DAVAO CITY – Christmas celebration is not part of the culture of the indigenous peoples, but on this season of giving, a Lumad leader shared that he wish the Philippine government sees their plight.
Juanito Binaton, 47, is a Kulamanon-Matigsalug from Barangay White Kulaman in Kitaotao town, Bukidnon province, For him to see a lot of other Lumads across the city to beg for Christian charity on Christmas was a heartache.
For it is not in their culture to celebrate Christmas, but because of lack of access to social services and support for their farming, the Lumads are forced to do something that is not in their tradition.
The Lumads come here every year during Christmas. More than 25,000 are here in the city sheltering in barangay gymnasiums.
“Wala sa amoa ang Pasko. Sa tinuod lang nahitabo lang nga naa nay lumad nga mamasko dihang na-impluwensyahan, natudluan na sa mga langyaw nga nakahibalo sa Pasko (We don’t have Christmas. The truth is the Lumads were only influenced, taught by outsiders about Christmas),” he said.
“Gani wala mi nakahibalo kung kanus- mi nanganak. Wala mi kahibalo unsa ang mga ngalan sa adlaw, bulan. Diha na mi nakahibalo nga natudluan na mi nga naa diay mga ngalan sa bulan, nga naay mahimong pasko ug bag-ong tuig (We don’t even have an idea when we give birth. We don’t know the names of the days and months.We only learned about it when we were taught that there are names for months and that there is Christmas and New Year),” said Binaton.
Binaton said the Lumads only look at the moon as a guide when to farm.
“Wala mi idea sa petsa, nagabase lang mi sa bulan. Sa bulan mi nagatan-aw. Ug magsubang ang bulan diri (left side) kung magtanom mi, usa namo tan-awon ang bulan. Kung maghimatayon ang bulan dili pwede nga mag-tanom mi. himatayon kanang maglunod na didto dili na magpakita, kanang dulom na (We don’t know the dates, we only have the moon as guide. If the moon is there, then we can plant our crops, if the moon is not there, then we cannot go to our farms),” he said.
He said Lumads only sing and dance for an activity in the community and that they “prohibit” the use of their traditional songs and dances as a means of earning money.
“Dili himoon nga kanang ikapital nga himoon ang tradisyon namo, kanang pagsayaw nga pinaagi sa kudlung, nga himoong ikapital. Wala na sa tradisyon sa lumad. Magamit lang namo ang mga sayaw namo kung naa mi activity sama sa mga kaslunon namo nga tribu. Diha pwede ka magsayaw para pahinungod nimo sa ginakasal ug maglagtik ka og humay para lipay lipay mo didto nanalamat ka nga ikaw makaharvest na sa humay pwede nga gamiton nimo ang tradisyon nga magsayaw ug magkanta para pagpanalamat nga gihatagan ka og dako dako nga grasya (We don’t capitalize our tradition lke dancing while playing the kudlung (native instrument). It is not in our tradition. We only dance if there is an activity like a wedding. We dance as our offer to the newly-weds and during rice harvest, we celebrate to give thanks, we dance and sing because we are thankful for the blessings),” he said.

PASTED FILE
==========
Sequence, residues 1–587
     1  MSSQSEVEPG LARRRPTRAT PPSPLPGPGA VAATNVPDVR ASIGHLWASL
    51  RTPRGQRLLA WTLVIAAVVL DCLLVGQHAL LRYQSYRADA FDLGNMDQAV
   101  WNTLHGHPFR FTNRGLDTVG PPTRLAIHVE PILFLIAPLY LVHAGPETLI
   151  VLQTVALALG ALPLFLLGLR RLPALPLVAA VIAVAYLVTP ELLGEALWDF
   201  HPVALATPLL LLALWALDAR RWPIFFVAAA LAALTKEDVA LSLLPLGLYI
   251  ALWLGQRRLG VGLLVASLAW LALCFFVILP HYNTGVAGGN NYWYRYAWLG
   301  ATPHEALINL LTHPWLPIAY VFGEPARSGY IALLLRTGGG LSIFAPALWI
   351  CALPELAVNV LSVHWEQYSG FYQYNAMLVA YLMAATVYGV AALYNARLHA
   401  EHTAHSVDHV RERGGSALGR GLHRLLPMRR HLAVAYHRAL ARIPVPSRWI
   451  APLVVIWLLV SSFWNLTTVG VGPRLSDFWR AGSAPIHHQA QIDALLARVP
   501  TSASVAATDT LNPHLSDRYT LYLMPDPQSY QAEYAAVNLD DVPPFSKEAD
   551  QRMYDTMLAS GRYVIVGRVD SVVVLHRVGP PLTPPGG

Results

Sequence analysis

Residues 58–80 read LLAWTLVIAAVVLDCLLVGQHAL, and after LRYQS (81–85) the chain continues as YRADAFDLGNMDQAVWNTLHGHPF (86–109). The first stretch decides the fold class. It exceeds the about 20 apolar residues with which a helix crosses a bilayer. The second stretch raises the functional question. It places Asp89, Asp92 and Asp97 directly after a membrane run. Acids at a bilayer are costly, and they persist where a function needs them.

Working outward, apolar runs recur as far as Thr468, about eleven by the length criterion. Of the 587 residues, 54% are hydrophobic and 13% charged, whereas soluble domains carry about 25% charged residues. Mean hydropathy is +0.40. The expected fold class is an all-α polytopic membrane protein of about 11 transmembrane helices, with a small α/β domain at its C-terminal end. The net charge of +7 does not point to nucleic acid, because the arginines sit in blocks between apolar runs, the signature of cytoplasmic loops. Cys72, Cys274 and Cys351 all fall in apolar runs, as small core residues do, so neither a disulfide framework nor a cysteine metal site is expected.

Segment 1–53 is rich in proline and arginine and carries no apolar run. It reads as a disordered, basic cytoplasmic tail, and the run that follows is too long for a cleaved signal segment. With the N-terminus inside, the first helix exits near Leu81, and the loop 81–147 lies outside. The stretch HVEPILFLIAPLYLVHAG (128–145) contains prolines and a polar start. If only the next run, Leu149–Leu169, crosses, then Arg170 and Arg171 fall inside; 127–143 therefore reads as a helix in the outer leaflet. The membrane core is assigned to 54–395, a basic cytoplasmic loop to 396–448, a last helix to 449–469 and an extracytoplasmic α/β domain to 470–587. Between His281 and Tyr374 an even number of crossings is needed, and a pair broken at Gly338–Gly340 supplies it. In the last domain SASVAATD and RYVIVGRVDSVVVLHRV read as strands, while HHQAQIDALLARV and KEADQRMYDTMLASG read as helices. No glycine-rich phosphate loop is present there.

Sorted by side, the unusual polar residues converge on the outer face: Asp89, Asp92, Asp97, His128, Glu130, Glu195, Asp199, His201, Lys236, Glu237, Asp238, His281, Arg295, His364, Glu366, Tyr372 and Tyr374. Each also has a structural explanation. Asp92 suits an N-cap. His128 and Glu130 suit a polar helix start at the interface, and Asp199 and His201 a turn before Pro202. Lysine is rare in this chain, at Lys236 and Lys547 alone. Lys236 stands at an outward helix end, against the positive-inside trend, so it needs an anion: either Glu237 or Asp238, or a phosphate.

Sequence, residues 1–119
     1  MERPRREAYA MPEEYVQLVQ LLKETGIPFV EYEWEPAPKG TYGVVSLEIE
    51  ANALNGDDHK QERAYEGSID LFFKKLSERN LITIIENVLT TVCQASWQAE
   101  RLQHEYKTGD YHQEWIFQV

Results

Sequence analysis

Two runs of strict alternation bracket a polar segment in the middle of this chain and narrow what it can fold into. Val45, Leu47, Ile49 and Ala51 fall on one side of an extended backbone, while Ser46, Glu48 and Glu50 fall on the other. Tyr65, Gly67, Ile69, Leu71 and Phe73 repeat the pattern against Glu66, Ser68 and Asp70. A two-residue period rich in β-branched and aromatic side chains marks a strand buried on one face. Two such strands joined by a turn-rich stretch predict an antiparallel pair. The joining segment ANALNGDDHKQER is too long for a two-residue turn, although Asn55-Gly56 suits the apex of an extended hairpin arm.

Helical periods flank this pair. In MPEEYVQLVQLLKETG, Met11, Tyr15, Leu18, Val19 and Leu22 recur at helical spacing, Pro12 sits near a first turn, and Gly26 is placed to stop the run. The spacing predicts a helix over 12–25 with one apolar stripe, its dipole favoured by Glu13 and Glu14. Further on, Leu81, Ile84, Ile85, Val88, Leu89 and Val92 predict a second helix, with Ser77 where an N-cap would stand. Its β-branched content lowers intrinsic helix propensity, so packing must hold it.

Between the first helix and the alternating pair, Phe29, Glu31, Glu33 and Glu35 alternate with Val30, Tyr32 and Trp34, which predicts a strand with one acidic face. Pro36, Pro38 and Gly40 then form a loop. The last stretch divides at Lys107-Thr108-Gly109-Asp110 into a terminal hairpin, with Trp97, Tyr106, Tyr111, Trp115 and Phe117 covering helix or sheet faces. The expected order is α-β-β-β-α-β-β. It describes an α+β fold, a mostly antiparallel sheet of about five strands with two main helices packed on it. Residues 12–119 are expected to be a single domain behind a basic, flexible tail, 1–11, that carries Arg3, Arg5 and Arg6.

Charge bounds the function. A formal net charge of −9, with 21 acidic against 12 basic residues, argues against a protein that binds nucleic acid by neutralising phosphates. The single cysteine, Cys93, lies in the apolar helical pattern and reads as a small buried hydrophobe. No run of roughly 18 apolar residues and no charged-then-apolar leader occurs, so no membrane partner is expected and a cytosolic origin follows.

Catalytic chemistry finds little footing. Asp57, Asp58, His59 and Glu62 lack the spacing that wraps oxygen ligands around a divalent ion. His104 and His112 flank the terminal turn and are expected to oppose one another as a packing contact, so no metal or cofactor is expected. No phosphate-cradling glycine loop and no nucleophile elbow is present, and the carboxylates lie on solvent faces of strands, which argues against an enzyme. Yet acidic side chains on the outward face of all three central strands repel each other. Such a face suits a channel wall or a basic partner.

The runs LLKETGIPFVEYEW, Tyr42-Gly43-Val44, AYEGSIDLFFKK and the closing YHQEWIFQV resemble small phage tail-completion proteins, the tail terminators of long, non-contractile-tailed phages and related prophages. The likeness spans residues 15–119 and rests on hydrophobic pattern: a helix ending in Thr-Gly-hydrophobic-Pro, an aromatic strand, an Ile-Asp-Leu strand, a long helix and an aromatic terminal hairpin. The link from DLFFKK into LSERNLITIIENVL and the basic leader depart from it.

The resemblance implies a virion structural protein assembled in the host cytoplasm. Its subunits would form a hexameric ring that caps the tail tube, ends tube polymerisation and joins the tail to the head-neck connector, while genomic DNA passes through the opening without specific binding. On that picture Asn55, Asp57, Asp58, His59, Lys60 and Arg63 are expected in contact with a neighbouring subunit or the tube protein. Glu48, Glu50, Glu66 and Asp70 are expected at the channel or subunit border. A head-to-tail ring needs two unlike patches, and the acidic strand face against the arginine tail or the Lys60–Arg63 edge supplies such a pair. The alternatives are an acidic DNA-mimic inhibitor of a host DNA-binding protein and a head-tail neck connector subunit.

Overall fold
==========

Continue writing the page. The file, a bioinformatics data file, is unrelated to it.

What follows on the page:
But Binaton said he cannot blame their kin if they see the need to come to the city during Christmas.
“Dili pud nako mabasol ang mga lumad tungod wala mi nakita sa gubyerno, wala mi nakita sa lgu. Mao na tungod sa kalisdanan namo, bisan dili namo tradisyon ang pamasko makasunod na lang mi sa pasko tungod sa kawad-on namo (I cannot blame the Lumads because he government cannot see us, the local government unit does not see us. That’s why because of poverty,even if it’s not our tradition to celebrate Christmas, we are forced to follow this tradition),” he said.
Binaton is not a Lumad who is here for Christmas season. Their family is among the more than 50 families of Kulamanon-Matigsalug who evacuated from their community on August 26-27 this year.
Binaton is among the hundreds of evacuees who are here in the city to seek refuge because of “militarization” in their community.
He saw the other Lumads for Christmas carolling and begging in the gym on their way to the Army camp in Panacan here during the commemoration of the International Human Rights Day. They demanded to pull out the military from their community.
A Buhangin barangay official estimated that 8,000 individuals are housed inside the Buhangin gym where Binaton saw the other Lumads. Some of the Lumads are staying by the roadside because of the lack of space inside the gym.(davaotoday.com)